‘Lone Survivor’ Stuns in Wide Release; ‘Her’ is Weak, ‘August: Osage County’ Strong

'Lone Survivor' Stuns in Wide Release; 'Her' is Weak, 'August: Osage County' Strong

Led by “Lone Survivor,” which grossed double its expected amount and looks to be a powerhouse for weeks to come, this weekend continued the steady business of the last few weeks. The Top 10 grossed about $114 million, up a tick from last year, when three new wide releases grossed better than all but one of this year’s two new ones. But despite the low take of flop “The Legend of Hercules,” the top holdover films show strength above what is normally seen post-Christmas–before the upcoming boosts from awards and nominations.

Several more limited releases expanded this weekend to varying results. Weinstein’s “August: Osage County” was the clear standout, with a high PSA after a strong Saturday jump landing it at #7 despite being on only 905 screens, way above pre-weekend expectations. The much more acclaimed “Her” didn’t even make the top 10, with a weak showing across the board. “Inside Llewyn Davis” and “Nebraska,” two other awards hopefuls, both expanded to higher theater counts and much smaller per screen averages, as “August” clearly took over as the leader among more limited releases.

Three other Christmas releases, all only in their third weeks, failed to make the top 10: “The Secret Life of Walter Mitty,” “The Grudge Match” and “47 Ronin” all dropped quickly after soft launches below expectations.

1. Lone Survivor (Universal/EOne in Canada) Week 3 – Last weekend: #38

$38,500,000 (+45,283%) in 2,875 theaters (+2,873); PSA (per screen average): $13,395; Cumulative: $38,900,000

The year is young, but 2014 already has its first surprise hit. Second only to “Cloverfield” in unadjusted January opening weekend totals, and likely hampered by a lack of seats and multiple screens, “Lone Survivor” once again proves that well-made upscale military films have a ready and eager audience across the country.

Universal initially thought this taut actioner might be strong enough to gain awards traction, premiering the film at the AFI Film Festival in November, with a two-theater New York/Los Angeles qualifying run on opening on Dec. 27. The results were solid, particularly with an appeal that was not necessarily big coast city, but nothing in the numbers suggested the movie would break this big. And the awards haul has been non-existent thus far, except for a surprise WGA nomination. Yet with most of the film community’s eyes focused on the Golden Globes Sunday and Oscar nominations Thursday and multiple films scrabble for a limited audience, Berg and actor/producer Mark Wahlberg are enjoying much better results without having to worry about getting dressed up in formal wear.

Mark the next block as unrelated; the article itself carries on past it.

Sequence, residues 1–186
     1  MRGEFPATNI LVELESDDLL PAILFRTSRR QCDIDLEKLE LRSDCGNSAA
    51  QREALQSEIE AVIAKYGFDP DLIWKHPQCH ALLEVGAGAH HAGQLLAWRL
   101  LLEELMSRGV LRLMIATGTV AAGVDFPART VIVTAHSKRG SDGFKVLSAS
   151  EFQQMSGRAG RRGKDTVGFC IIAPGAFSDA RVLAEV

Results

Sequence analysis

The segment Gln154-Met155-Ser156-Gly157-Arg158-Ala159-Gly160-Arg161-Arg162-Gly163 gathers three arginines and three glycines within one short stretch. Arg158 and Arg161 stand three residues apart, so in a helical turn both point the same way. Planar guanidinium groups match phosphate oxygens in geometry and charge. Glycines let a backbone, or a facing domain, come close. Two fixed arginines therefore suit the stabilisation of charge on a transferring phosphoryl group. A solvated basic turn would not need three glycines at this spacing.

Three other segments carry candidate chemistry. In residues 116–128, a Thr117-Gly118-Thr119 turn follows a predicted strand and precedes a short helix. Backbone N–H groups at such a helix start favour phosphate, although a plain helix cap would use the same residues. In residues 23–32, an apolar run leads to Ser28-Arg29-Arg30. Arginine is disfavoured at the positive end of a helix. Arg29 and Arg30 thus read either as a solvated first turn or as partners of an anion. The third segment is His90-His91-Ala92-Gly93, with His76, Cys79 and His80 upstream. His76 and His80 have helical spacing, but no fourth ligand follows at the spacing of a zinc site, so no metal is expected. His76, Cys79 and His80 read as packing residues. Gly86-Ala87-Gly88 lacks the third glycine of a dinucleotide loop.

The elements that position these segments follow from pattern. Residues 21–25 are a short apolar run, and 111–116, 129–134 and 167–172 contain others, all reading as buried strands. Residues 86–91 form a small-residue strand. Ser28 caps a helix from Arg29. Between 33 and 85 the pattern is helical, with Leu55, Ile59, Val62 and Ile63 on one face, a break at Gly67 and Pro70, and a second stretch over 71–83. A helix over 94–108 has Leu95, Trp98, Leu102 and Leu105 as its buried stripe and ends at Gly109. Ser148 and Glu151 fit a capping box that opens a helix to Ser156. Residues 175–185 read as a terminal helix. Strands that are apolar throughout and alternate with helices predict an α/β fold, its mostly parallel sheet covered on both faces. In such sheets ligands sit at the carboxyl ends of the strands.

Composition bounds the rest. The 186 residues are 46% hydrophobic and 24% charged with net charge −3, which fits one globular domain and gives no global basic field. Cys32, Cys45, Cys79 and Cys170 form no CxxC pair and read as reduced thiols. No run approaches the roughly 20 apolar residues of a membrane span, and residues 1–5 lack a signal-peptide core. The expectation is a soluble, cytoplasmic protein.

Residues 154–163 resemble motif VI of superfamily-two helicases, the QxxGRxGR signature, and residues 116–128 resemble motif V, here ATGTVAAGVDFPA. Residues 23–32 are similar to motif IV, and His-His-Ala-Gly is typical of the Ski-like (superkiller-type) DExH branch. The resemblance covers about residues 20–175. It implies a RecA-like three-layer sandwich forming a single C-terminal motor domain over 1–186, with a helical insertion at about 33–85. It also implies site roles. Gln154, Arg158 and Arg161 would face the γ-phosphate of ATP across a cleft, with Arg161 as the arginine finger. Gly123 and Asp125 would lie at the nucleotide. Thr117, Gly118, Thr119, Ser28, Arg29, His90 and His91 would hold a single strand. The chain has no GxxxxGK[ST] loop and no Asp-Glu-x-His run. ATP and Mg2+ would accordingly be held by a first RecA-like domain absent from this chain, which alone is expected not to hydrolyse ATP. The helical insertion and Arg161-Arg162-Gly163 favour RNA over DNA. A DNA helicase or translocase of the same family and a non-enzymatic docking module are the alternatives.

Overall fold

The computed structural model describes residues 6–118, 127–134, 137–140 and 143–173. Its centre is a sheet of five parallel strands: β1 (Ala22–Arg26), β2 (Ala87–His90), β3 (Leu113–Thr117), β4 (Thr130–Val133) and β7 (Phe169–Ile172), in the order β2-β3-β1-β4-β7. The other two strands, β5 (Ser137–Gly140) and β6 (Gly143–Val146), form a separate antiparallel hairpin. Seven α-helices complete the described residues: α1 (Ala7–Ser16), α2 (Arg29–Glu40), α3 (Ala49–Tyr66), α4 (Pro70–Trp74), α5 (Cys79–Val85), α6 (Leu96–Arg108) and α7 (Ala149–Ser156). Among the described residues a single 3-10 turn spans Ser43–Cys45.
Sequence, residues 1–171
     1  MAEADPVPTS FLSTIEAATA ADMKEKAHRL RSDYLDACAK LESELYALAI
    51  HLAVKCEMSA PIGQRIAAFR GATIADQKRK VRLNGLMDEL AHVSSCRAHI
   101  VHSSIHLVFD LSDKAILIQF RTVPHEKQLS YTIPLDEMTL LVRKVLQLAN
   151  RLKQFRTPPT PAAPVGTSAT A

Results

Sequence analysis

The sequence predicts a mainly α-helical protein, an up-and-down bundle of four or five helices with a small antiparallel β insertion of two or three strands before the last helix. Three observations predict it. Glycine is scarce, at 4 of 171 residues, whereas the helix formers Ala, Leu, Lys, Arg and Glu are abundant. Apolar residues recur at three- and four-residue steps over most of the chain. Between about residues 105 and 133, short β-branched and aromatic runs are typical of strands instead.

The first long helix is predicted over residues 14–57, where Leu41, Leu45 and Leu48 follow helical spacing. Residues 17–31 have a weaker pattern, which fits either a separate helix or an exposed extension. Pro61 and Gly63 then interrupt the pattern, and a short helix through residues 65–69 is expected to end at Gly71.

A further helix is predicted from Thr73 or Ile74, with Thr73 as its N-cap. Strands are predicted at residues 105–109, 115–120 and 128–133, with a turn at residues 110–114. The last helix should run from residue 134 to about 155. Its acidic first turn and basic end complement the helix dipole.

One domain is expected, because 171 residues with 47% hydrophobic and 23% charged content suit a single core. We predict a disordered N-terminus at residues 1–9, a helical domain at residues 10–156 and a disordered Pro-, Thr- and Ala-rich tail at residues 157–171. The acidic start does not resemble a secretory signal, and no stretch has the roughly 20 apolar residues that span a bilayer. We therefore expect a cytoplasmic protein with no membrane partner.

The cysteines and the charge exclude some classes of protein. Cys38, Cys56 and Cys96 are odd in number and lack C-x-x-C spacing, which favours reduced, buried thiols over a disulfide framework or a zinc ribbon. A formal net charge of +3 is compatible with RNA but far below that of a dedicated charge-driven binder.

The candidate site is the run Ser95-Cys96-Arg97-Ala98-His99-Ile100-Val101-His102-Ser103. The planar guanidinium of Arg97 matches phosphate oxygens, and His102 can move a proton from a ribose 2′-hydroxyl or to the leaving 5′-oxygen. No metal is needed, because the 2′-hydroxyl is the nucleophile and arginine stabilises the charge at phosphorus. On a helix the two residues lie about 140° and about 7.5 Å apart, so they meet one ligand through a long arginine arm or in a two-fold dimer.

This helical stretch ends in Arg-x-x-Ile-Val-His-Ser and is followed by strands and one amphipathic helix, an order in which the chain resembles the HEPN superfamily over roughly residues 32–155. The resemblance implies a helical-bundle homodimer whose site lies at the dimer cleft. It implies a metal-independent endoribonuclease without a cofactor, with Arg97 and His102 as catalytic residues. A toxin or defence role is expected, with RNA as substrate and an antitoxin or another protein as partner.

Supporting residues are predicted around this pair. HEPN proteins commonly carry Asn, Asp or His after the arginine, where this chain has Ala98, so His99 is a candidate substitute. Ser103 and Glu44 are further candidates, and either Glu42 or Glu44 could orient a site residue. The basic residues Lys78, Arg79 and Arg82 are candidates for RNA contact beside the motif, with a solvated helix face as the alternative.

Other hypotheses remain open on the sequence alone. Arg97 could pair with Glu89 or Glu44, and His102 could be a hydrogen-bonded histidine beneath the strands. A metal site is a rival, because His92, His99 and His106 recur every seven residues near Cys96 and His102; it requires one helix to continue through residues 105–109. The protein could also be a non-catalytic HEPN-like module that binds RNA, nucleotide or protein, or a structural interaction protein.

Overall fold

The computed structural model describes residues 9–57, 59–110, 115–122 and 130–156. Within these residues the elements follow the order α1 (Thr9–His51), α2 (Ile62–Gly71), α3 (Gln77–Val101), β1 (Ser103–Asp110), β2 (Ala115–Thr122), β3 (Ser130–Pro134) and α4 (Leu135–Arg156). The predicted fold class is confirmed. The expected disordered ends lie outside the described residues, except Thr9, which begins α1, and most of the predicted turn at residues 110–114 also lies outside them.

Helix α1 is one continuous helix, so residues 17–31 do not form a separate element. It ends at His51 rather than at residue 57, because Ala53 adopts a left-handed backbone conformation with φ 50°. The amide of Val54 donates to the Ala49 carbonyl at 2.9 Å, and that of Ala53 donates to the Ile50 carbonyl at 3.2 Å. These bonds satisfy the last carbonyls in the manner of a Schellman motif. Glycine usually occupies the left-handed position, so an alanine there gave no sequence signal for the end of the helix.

The same weekend last year saw the expansion of “Zero Dark Thirty,” which grossed $24 million at #1 and was considered an initial success (it went on to $95 million). But that film had much more hype plus considerable review and awards support (“Lone Survivor” received at best mixed/favorable notices and much less attention overall). But a wide cross-section of America clearly was attracted to this true story of one Navy Seal’s daunting experience when he and his colleagues met with tragedy in Afghanistan. (Universal reports 43% female, unusually high for the genre, 57% over 30, 33% Latino).

This is a triumph for Berg, whose last film was big-budget flop “Battleship.” It isn’t his biggest opening (“Hancock” did $62 million its initial weekend), but this is more unexpected (his other films are “The Kingdom,” “Friday Night Lights” and “Rundown.”) For Wahlberg, this looks like his biggest success as a producer (past efforts include “Broken City,” “Contraband” and “The Fighter,” as well as HBO’s “Entourage”). The $40-million production was cobbled together from eight different companies, suggesting that a lot of studios now regret passing after being offered the project.

What comes next: The A+ Cinemascore suggests that this could be in a for a long, healthy run that could push this way past $100 million and become the biggest January wide release of all time. It could stay at #1 for 2-3 weeks more.

2. Frozen (Buena Vista) Week 8 – Last weekend: #1

$15,070,000 (-23%) in 3,239 theaters (-79); PSA: $4,653; Cumulative: $317,661,000

“Frozen” just refuses to thaw. Now clearly past the holidays, this dropped less than a quarter to still rank #2 almost two months into its run. This film has totally owned the family market for weeks, and shows little sign of letting up.

What comes next: This could be around during most of the run up to the Oscars, where it is the clear favorite to win Best Animated Feature.

3. The Wolf of Wall Street (Paramount) Week 3 – Last weekend: #4